Local ‘pillar’ receives Clayton accolade


CLAYTON — Justin A. Taylor can add Citizen of the Year to his growing list of titles and accomplishments.

Mr. Taylor was voted as the Clayton Chamber of Commerce’s 2021 Citizen of the Year, announced on Wednesday. People who know the lifelong Clayton resident said the accolade is well-deserved.

“When Justin is into anything, he’s not just a member, he participated, takes an office, and just does a lot,” said village Mayor Norma J. Zimmer, one of the members of the committee that elects each year’s Citizen of the Year.

Mr. Taylor has participated in numerous events, organizations and projects.

Professionally, he’s a former Clayton town supervisor, law enforcement officer and corrections officer who took leadership roles at the Camp Gabriel, Gouverneur and Cape Vincent correctional facilities, and once served as the statewide fire safety coordinator for the New York State Department of Corrections and Community Supervision.

Mr. Taylor also has extensive volunteer experience, serving for 46 years as a volunteer firefighter for the Clayton Fire Department, for which he still volunteers. He’s been chief of that department, board secretary and is now in his second stint as board treasurer. Mr. Taylor is also the vice chairman of the Clayton Joint Fire District.

He’s the vice-commodore, or vice-president, of the Clayton Yacht Club, sits on the board of directors for the Thousand Islands Foundation, and is treasurer for the Village of Clayton Sesquicentennial board. Mr. Taylor also has a litany of former board memberships and other community engagements, including with the Clayton Local Development Corp., the Jefferson County Supervisors Association and the Jefferson County Public Safety Task Force.

Chris Barton, fire chief for the Clayton Volunteer Fire Department, said Mr. Taylor has stood as a pillar of the community, and especially the fire department, for many years now.

“He’s always there, willing to help, giving a hand where needed and doing an outstanding job,” he said.

Mr. Barton called Mr. Taylor a family man, a mentor to the younger volunteer fire fighters and a truly community-driven person.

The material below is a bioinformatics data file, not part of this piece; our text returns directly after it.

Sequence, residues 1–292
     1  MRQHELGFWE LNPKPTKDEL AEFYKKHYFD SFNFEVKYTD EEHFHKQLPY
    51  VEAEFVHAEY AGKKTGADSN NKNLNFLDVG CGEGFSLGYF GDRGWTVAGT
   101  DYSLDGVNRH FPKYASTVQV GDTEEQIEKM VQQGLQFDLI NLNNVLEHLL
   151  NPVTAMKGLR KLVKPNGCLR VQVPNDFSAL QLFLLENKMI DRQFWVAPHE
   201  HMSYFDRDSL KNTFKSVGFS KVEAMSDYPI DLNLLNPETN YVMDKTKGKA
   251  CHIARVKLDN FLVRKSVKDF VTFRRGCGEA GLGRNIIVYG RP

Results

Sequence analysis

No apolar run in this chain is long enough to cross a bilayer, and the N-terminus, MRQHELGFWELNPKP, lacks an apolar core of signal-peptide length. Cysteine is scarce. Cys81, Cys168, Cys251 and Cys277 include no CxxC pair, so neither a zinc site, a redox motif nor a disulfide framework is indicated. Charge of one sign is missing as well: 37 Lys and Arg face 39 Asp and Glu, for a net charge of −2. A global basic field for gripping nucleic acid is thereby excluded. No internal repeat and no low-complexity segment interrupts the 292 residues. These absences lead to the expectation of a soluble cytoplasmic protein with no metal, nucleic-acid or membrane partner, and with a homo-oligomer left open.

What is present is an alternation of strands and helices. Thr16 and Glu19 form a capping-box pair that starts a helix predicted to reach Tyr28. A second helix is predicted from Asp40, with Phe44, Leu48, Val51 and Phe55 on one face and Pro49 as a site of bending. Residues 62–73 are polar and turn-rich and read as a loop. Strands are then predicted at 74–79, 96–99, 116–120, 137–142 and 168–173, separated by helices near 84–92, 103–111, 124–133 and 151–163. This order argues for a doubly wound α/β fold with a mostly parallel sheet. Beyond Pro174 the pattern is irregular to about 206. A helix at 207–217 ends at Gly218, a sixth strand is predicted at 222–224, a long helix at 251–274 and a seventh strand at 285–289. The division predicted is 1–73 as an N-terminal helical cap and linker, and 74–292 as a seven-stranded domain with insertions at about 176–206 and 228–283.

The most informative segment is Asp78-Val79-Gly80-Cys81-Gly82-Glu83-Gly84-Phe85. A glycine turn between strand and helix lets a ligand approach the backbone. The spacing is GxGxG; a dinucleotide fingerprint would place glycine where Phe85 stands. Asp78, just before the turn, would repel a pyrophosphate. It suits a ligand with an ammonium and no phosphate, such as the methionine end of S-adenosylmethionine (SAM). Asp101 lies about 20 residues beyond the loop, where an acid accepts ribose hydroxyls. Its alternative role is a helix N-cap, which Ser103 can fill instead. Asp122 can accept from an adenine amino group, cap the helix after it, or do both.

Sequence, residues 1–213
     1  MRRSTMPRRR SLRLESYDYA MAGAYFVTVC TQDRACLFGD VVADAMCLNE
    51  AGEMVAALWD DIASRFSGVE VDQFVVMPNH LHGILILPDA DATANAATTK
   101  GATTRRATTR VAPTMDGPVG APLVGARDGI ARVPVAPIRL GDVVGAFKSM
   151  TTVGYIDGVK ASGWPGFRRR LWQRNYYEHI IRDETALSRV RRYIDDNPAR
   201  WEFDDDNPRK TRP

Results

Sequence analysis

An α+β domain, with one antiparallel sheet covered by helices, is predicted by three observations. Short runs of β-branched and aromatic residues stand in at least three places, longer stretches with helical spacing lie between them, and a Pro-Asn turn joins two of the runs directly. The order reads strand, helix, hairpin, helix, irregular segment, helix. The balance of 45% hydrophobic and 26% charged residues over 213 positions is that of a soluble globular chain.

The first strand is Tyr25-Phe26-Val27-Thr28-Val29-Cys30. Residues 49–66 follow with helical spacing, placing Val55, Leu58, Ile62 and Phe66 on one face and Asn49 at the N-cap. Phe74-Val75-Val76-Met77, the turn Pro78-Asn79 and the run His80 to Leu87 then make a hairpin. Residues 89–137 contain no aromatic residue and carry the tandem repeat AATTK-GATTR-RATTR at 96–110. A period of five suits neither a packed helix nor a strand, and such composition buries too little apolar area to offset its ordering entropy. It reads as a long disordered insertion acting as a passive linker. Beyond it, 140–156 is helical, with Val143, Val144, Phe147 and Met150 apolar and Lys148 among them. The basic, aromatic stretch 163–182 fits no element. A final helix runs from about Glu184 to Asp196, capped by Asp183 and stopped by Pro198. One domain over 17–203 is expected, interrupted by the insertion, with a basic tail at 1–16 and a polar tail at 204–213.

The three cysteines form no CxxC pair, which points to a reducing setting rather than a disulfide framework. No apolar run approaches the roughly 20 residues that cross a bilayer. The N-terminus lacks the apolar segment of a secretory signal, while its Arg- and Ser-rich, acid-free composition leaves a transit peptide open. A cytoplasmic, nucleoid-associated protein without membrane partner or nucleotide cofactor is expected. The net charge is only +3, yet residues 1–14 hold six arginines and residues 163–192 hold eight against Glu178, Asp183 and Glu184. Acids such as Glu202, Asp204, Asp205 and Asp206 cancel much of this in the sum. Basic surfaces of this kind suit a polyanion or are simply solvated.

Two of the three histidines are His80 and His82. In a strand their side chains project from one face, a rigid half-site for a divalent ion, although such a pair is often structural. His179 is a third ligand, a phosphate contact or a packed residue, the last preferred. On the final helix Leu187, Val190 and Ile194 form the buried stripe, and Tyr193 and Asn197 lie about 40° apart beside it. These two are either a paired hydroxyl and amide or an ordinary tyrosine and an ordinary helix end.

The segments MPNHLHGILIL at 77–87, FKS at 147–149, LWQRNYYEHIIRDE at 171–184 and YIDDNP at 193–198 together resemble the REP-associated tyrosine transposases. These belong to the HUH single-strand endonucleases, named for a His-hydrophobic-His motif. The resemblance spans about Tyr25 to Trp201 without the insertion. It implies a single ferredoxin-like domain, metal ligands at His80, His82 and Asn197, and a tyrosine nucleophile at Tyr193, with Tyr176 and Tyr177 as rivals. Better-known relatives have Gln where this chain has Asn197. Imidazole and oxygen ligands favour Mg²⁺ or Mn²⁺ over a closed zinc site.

“Words can’t be spoken enough about him,” Mr. Barton said.

On Wednesday, Mr. Taylor said he was honored and humbled to have received the same award his parents Alvan and Patricia Taylor received in 2002.

“I am absolutely, deeply honored that a group of community people would put me up for this very prestigious award,” he said.

Of his many engagements and activities, Mr. Taylor said he’s worked to keep a balance. Because he likes to get very involved in any organization he works with, he said he’s worked to make sure he isn’t being pulled in too many directions at once.

“I want to be all in, but I didn’t want to stretch myself thin,” he said.

Since he first started working in a public service capacity as a Clayton town lifeguard in 1971, Mr. Taylor said he’s been driven to work in the community in some capacity. He said his parents instilled that respect in him from a very young age.

“My family has always been very involved,” he said. “My mom was a physical education director in the school, my dad was very active in the community service organizations when he worked in the city many years ago. Community involvement is very important to me.”

Mr. Taylor said all of the accomplishments he’s been a part of have come about thanks to teamwork.

“I was very fortunate, being a town board member for 22 years,” he said, “I saw how the hard work of a true team came together.”

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Johnson Newspapers 7.1

I write about north country politics, Jefferson County and the northern shoreline towns of Lyme, Cape Vincent, Clayton and Alexandria Bay

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